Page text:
These are a bit unique, since for many of these, there is an ongoing story still being told, so I have a section of serial comics and a separate one for standalone.
There is so much amazing work going on in this area right now. I considered subcategorizing these into those which deal with trans women (MtF) or trans men (FtM), but quickly realized that too many of these defy those (or any) categories (which is just awesome!)
Assigned Male, by Sophie Labelle. This one centers around a girl named Stephie, who is not afraid to say what she’s thinking. Here are some of my favorites.
Rain, by Jocelyn C.D. About a girl named Rain, who moved to a new high school and transitioned at the same time.
Translucid, by Tresenella. About a woman named Sarah, who is an introverted (go team Introverts!) trans woman. Tresenella uses a lot of her own experiences to inform the comic, so it tends to point out funny, embarassing, or unique aspects of being trans. Here are some of my favorites.
Up and Out, by Julia Kaye. This comic started out like many – pointing out funny or ironic things, but as the author began her transition, she has included many of her own experiences in the comic. Some of my favorites.
Transgirl Next Door, by Kylie Summer Wu. These are mostly standalone comics, but are again, taken from her own experiences. Some favorites.
Life of Bria, by Sabrina Symington. Sometimes pulled from her own experiences, sometimes a commentary on current events, this comic always tells it like it is. Some favorites.
Man Time, by Samuel Prowse. A comic about the unique challenges of being FtM.
Transmissions, by Alex Ringholm. A comic highlighting another person’s FtM experience.
Validation, by Christian Beranek and Kelci Crawford. Ally navigates life in as an aspiring comic artist and trans woman, finding allies in unexpected places while dealing with the challenges that life throws at her. Some favorites.
Portside Stories, by Valerie Halla. About Alexandra, a trans girl who live in Portside (a fictional city). One of my favorite pages from Portside Stories is here. She isn’t adding to Portside Stories any more, but is now publishing a new serial, Goodbye to Halos, which features a cast of queer characters.
Wow! What an example for the right way to respond to someone! I especially like the line “A girl came to me and showed me her soul…”; that is what being gender non-conforming is like – you are exposing your soul to people and asking them to accept you as you tell them you are.
I try to give attribution if I can identify the creator, so if I’ve missed one and you know who to attribute, please let me know and I’ll add that. Click on the images for a larger view and my comments about the image.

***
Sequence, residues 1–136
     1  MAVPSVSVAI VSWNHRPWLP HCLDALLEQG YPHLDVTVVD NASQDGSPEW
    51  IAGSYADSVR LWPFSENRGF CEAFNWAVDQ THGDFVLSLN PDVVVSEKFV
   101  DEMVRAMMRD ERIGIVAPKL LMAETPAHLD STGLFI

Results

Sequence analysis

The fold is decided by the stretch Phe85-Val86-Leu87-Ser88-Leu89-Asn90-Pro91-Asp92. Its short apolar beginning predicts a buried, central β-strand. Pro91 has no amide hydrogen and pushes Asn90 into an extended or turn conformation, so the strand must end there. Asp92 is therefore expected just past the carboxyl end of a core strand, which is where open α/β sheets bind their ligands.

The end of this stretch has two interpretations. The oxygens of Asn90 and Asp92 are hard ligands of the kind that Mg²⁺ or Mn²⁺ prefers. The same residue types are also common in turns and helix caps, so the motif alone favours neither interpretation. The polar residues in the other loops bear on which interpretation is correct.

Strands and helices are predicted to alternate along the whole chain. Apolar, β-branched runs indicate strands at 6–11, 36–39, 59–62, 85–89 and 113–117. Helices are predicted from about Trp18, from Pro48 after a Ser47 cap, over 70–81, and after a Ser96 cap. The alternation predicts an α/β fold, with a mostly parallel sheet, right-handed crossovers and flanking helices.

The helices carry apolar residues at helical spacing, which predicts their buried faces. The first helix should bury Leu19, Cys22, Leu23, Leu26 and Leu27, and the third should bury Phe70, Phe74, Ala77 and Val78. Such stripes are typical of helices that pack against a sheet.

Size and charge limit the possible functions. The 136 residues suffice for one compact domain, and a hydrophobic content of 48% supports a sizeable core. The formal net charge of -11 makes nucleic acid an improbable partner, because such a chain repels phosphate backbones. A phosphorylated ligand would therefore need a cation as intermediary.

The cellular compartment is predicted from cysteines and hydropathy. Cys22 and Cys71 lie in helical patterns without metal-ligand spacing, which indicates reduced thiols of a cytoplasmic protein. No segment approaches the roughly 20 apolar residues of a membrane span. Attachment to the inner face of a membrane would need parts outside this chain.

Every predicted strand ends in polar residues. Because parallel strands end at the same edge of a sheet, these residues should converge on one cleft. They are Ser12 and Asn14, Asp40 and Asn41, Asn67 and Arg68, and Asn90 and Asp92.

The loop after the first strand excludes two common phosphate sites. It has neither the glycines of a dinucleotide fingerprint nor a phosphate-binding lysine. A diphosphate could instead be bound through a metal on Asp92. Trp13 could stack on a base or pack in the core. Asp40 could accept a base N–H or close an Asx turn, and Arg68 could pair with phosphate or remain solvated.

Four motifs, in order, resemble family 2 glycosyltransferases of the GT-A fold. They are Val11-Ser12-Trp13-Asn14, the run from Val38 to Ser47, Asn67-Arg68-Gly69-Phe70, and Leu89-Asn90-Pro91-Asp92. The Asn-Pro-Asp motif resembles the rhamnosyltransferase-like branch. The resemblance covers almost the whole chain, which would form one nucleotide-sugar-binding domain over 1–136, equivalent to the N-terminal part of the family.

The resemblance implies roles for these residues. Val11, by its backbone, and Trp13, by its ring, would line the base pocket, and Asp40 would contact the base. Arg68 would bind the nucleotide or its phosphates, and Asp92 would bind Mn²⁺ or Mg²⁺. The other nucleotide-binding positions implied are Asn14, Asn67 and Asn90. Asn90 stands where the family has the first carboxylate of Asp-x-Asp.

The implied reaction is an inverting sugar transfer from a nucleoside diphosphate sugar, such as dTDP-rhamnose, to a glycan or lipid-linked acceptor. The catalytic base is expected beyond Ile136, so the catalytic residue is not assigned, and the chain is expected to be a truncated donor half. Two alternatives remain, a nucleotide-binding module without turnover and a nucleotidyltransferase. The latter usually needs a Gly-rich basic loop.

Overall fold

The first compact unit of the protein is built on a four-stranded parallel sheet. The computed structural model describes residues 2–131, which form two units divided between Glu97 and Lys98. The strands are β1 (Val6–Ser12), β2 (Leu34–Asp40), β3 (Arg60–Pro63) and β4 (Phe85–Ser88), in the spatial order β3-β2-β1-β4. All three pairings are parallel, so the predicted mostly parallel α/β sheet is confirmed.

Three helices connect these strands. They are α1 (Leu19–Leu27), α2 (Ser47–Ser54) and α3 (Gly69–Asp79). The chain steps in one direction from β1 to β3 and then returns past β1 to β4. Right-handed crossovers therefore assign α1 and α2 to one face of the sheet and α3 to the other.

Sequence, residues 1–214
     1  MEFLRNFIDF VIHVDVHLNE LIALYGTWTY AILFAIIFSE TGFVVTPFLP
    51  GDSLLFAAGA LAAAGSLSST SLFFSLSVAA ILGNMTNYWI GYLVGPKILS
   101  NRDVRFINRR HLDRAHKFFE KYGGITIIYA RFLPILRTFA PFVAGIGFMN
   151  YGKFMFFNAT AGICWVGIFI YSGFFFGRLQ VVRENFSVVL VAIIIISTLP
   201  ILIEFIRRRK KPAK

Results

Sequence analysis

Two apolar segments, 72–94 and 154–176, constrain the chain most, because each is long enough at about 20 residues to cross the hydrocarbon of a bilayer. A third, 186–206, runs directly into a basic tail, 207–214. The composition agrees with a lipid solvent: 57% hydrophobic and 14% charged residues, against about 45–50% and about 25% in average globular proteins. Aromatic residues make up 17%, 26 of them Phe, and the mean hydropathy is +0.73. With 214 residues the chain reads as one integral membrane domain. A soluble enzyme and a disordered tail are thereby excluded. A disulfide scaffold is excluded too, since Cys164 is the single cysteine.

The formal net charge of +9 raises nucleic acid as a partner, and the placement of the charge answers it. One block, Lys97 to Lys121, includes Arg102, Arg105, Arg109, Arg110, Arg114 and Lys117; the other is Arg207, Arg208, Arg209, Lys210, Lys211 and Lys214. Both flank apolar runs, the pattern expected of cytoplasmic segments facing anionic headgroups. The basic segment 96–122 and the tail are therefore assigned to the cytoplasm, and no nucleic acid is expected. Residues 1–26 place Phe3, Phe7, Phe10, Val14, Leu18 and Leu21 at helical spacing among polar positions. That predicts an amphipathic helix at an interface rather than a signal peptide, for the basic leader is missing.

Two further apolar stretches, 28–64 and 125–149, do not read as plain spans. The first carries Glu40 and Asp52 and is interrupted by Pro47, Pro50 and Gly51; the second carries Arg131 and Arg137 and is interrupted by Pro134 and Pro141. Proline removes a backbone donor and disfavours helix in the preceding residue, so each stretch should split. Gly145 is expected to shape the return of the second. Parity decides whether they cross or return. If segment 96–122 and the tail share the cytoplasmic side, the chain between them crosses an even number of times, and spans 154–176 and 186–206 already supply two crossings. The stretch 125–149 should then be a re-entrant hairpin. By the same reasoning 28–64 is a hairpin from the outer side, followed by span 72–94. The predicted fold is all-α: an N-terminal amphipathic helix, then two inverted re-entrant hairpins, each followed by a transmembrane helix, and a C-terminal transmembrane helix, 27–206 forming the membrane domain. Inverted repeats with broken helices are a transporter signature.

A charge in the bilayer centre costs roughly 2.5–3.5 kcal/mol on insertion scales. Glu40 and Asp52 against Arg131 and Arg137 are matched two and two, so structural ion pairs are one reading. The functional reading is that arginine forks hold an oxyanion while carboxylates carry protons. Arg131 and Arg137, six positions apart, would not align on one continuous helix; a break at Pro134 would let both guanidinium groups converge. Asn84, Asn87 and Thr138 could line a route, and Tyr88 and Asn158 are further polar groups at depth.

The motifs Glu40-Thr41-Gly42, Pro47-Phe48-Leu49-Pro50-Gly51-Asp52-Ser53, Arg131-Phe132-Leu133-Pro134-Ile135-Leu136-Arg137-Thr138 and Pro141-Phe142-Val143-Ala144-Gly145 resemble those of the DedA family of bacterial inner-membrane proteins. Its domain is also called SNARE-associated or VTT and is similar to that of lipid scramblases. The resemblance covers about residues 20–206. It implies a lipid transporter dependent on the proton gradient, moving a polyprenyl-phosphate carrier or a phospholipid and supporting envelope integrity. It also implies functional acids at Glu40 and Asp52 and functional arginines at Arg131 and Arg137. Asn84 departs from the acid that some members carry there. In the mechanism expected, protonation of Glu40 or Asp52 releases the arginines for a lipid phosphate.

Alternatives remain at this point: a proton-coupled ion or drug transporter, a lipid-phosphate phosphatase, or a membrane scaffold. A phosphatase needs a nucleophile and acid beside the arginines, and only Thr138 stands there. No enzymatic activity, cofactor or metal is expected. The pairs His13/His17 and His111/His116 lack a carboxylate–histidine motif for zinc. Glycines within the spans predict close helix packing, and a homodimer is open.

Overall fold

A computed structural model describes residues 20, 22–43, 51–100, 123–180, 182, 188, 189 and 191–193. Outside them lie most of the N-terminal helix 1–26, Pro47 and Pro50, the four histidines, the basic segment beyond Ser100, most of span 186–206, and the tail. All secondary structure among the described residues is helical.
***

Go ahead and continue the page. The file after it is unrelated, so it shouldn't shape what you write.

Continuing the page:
Posted February 21, 2017
My journey definitely doesn’t follow any cookie-cutter path of those before me. My journey has similarities, but I am unique, at the same time.
If only magic were real! If the clothes could make the man (or woman), literally! This is a good example of what dysphoria can do to you – you get an image or sense in your head of what will be right, and when you set out to make it happen, the reality doesn’t match. And that hurts.
Wow! Powerful! (sorry for the length – hopefully your browser lets you view the entire strip)
Posted February 8, 2017
The blue pills are estrogen, and the dad obviously doesn’t know about his child’s true gender. This is both humorous and sad – sad because the child evidently does not feel comfortable enough expressing their gender to their parent.
Hell yeah! This is similar to the dialogue in the first episode of Amazon’s Transparent series: Sarah – “Are you saying you’re going to start dressing up like a lady all of the time?” Maura – “No, honey, All my life, my whole life, I’ve been dressing up like a man. This is me.” The distinction between a crossdresser and someone who is gender non-conforming is that a crossdresser does not have a sense that they are not the gender they were assigned at birth. The act of dressing in cross-gendered clothes is not an expression of their *gender*.
This is a great juxtaposition of the difference between logic and emotion.
How true. Children (and younger generations in general) seem to have a much easier time adjusting to the notion of gender as not something dictated by genetics, physiology and/or chemistry. When discussing whether to tell my children about my gender, my therapist encouraged me to do so as soon as possible. “The younger the kids are, the easier a time they have with it.”
I’m fortunate to have not experienced this, but so many others have. Also, take note of the use of the word “them” as a singular (there’s one baby, but the parents refer to it as “them”). The use of them/they/theirs as singular pronouns is grammatically correct and accepted (but less so when used to address someone’s sense of their own gender).
I can’t tell you how true this one is. Mirrors are not my friends. I’ve only recently been able to look in the mirror and (sometimes – very rarely) recognize myself in it.
This is humorous, but true at the same time. Dysphoria tells me how wrong my body is – how parts that I have shouldn’t be there, and parts I don’t should be there. Dysphoria hurts, and it’s hard to be happy when you have it – you’re pretty miserable. For those who are able to get their body to align with the way they feel they should be, dysphoria can be diminished, and maybe even eliminated.
This highlights the expectation of conforming with assigned gender roles. Society expects women to look and behave like women, and men to look and behave like men. But this person is simultaneously complying and defying these expectations by dressing as expected, but not behaving “like a woman.”